Mr Wicksteed: In the pack that you will get after this with the media guides there are a couple of examples of summaries that we issued on behalf of judges, one last week and one the week before.

  Q269  Lord Smith of Clifton: That will be very useful, thank you very much. What sort of scanning operation do you do? Do you have some sort of internal radar which can tell you or do you rely upon the judges by and large to inform you that it is going to be a special case?

  Mr Farr: It is a combination. Quite often judges do contact us and let us know in advance; quite often it only becomes clear on the day and a story can be prompted by, for example, some relative's reaction to the sentence, the outcry is what makes it a story and all of a sudden the judge finds that the sentence he passed is now controversial.

  Q270  Lord Smith of Clifton: Is there a different incidence according to the seniority of the court? Is there more drama in the Crown Court as opposed to the Court of Appeal or what?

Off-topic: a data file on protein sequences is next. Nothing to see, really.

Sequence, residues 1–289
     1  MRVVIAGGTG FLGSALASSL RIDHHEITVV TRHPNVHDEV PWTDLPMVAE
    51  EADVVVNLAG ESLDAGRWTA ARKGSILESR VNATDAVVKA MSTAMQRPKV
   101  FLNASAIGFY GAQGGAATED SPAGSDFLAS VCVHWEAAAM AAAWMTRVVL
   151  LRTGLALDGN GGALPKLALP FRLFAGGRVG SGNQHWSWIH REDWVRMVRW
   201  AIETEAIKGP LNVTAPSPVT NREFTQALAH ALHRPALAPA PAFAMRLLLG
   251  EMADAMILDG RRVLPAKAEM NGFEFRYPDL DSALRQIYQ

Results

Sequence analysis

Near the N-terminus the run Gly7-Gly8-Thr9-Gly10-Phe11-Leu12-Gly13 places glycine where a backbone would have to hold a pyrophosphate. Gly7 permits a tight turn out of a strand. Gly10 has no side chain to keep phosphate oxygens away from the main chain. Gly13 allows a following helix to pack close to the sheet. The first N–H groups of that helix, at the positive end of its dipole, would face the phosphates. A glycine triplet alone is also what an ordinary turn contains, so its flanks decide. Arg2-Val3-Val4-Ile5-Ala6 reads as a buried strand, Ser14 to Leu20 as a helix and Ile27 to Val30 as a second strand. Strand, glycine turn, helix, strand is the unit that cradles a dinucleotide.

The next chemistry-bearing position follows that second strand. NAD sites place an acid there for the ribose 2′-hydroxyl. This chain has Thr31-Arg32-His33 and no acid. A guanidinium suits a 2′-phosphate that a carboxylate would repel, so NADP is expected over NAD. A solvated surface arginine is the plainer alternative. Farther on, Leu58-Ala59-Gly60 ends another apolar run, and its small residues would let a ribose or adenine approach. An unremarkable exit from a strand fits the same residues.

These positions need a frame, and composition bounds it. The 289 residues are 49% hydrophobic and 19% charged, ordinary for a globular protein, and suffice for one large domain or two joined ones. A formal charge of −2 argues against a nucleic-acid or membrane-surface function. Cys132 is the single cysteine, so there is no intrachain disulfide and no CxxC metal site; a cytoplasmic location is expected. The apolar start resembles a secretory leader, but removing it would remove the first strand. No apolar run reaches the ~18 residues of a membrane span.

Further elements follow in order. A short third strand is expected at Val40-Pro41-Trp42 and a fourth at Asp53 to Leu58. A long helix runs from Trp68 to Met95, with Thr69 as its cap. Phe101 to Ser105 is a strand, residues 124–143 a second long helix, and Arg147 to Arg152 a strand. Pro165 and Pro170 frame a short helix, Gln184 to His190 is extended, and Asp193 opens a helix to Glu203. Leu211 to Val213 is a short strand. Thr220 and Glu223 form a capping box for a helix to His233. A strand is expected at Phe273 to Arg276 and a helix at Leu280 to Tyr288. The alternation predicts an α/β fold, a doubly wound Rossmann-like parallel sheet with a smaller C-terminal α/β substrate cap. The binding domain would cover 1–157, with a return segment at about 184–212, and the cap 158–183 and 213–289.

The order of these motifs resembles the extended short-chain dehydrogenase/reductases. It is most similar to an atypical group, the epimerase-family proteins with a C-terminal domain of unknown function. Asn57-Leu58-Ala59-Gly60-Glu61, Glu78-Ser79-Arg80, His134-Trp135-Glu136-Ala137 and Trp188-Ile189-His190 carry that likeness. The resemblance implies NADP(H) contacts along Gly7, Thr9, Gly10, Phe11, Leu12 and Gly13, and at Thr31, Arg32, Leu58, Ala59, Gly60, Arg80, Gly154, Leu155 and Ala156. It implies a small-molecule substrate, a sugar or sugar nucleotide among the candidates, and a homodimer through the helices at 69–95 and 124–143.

Mr Farr: That is a difficult one. The Crown Court certainly has the theatrical elements—the jury and the packed public gallery—which in a sense the Court of Appeal does not, but it really can be any court at any time. I have seen County Courts that have been involved in very controversial or high profile cases and it can depend on the parties; there is a whole range of different factors that makes something of value and interest to the media and to the wider public.

  Lord Rowlands: I was going to raise the Sweeney case and it might appropriately come in here; is that all right, My Lord Chairman?

  Chairman: Yes, please.

  Q271  Lord Rowlands: What about the Sweeney case which was almost one of the first tests of communication. The Lord Chief Justice was abroad when the trial judge was criticised; have you devised any contingency plans since to cover the situation where you had a kind of media silence and the press reported what it reported?